I personally have stopped the effort of developing a "Site" when I sell things. It simply makes more sense to place all of your efforts into driving traffic to your products located on these platforms. eBay in particular has a sweet little known setup that allows you to direct traffic to an item, and not pay the percent of sale fee when you do this. When you do this that means there is NO expense in terms of the sale out of your pocket CC fees etc AND then you get the discount on the shipping - it really becomes a no brainer.

        There is literally very few reasons to have a site of your own to sell things... counter intuitive, yes. But I suggest that having a "Site" is counter productive in the grand scheme of things. You simply spend more money and time promoting the site than you do selling the items on the platforms they are actually selling from.

        And don't take just my word for it look at Nike, or Beats, or any other major brand that has a presents on all of the major selling platforms. They are there because it costs them less to sell from there than it does from their own sites. And when you do say buy from Nike on eBay there is no little card with incentive to visit nike.com - if they are not doing it why should you?
        I'm only quoting so the info is repeated - it's good info.

        The only thing I could add would be that creating your own physical product puts you in a nicer position still - but with Nikes at $15 a pair I'd be selling trainers.
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  • Profile picture of the author quadagon
    Ebay and Amazon can also be funnels into your own website.

    If I am selling jewellery on amazon I should include marketing material and discounts for the next purchase which can be done at my own website.

    And if I was being really smart I would accept Amazon pay as well.
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    • Profile picture of the author Oscar K
      Originally Posted by quadagon View Post

      If I am selling jewellery on amazon I should include marketing material and discounts for the next purchase which can be done at my own website.
      .
      Jewellery (or jewelry) is a great seller. On eBay it's a piece of cake. It's known for being a good thing to get into as an online retailer.

      Drop shipping from the EA countries used to be good but since China throttled the free/cheap postage rates things have changed.

      Still, there's loads of ways to sell Jewellery. You can make a surprising amount of money just from selling ball chains and box chains and suchlike. You can add a charm or bauble if you want. Few returns and pleasant customers is a plus.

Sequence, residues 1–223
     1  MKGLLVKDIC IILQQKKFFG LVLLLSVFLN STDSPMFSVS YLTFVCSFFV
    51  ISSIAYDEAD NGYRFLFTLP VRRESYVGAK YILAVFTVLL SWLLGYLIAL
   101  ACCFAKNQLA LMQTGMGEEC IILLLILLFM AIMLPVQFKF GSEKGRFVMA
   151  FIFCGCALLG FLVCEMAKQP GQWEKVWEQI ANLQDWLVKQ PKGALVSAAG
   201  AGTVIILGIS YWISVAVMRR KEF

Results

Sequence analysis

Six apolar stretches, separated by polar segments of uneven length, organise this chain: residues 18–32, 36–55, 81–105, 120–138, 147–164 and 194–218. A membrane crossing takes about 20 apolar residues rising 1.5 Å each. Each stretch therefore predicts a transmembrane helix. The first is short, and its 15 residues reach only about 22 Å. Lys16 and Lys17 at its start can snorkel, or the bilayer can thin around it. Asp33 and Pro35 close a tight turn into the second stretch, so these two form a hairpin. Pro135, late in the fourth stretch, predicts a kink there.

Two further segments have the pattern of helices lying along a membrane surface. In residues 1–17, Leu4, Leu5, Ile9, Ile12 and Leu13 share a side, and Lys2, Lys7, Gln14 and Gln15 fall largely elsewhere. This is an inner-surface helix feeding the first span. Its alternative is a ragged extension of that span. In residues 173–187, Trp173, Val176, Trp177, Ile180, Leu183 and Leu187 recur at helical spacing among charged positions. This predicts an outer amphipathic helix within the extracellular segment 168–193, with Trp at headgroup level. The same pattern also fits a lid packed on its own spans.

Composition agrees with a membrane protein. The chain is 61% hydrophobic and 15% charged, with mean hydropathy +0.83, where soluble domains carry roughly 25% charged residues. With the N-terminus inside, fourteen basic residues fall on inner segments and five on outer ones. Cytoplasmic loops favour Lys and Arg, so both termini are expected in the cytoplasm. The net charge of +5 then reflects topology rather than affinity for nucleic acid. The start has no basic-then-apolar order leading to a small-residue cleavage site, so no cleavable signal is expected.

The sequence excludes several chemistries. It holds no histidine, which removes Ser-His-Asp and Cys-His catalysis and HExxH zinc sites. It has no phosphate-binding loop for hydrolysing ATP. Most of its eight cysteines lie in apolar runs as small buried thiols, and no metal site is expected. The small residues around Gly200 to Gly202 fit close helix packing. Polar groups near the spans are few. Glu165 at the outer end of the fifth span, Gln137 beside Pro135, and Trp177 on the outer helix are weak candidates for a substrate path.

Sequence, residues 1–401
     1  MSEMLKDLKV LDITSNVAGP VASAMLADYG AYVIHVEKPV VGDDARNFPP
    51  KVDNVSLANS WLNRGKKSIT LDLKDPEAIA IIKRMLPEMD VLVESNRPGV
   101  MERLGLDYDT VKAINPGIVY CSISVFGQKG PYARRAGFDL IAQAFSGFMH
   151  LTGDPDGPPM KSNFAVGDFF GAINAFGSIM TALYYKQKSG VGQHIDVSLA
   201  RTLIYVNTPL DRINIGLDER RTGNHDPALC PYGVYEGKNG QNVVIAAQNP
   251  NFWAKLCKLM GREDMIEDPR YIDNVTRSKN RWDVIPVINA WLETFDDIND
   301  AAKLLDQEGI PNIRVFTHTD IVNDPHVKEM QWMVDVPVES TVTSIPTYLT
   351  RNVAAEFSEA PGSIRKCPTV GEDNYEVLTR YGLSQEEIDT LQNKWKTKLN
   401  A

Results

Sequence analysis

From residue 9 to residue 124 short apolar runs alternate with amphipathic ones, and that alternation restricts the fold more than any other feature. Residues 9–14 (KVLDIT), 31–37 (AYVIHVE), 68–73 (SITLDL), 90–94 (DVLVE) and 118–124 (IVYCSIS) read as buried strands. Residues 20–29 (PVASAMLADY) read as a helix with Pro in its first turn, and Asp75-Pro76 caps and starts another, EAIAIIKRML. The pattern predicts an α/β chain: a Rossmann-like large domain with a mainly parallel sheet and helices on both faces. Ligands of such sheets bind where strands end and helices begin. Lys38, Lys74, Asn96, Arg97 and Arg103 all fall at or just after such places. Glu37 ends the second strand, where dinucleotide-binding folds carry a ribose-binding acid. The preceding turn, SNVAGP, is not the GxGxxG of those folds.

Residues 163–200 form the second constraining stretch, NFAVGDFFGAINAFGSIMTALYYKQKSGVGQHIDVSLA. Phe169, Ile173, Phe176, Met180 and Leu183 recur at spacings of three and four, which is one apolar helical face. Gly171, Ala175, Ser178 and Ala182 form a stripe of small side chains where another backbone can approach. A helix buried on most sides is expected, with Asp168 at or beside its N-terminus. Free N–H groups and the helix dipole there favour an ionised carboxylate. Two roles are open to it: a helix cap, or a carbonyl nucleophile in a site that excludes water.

If I had a website I would definitely change my ways, but most of my buyers are unique. I could certainly collect email addresses. My list would, I guess, sell for good money due to the particular niche of the product/buyers but I can't be bothered. I can't say more as there is a risk of some marketers being horrified to death.
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      • Profile picture of the author savidge4
        Originally Posted by Oscar K View Post

        but most of my buyers are unique. I could certainly collect email addresses. My list would, I guess, sell for good money due to the particular niche of the product/buyers but I can't be bothered. I can't say more as there is a risk of some marketers being horrified to death.
        I get what you are saying, there are those that don't get it. Sell to those right now that are wanting to buy what you are offering... I am right there with you.

        AND I don't have to write emails once a week once a month or whatever to stay in touch... "Traditional" online marketing is a fricken time suck and a lot of work. And there are those of us that realize listing items to sell is more important than selling the listed items we have.
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        • Profile picture of the author Oscar K
          Originally Posted by savidge4 View Post

          I get what you are saying, there are those that don't get it. Sell to those right now that are wanting to buy what you are offering... I am right there with you.

          AND I don't have to write emails once a week once a month or whatever to stay in touch... "Traditional" online marketing is a fricken time suck and a lot of work. And there are those of us that realize listing items to sell is more important than selling the listed items we have.
          A completely sensible approach to online profits without too many tears. I might spend 3 months perfecting/testing a new product but I enjoy it anyway - a bit of graphic design, some basic copywriting, learning a useful skill or two, the enjoyment of getting the product finished to an acceptable standard etc.

          But to be fair I have done retail for 40 years so it is my kind of thing.
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          • Profile picture of the author savidge4
            Originally Posted by Oscar K View Post

            A completely sensible approach to online profits without too many tears. I might spend 3 months perfecting/testing a new product but I enjoy it anyway - a bit of graphic design, some basic copywriting, learning a useful skill or two, the enjoyment of getting the product finished to an acceptable standard etc.

            But to be fair I have done retail for 40 years so it is my kind of thing.
            I am an "Artistic" person by nature. I have a passion for "Making" things. I just so happen to be a geek as well LOL. Working with my hands is a goto get away from the tech life I have built / created around me. I do my best thinking in front of a table saw or holding a sander for what feels like hours on end.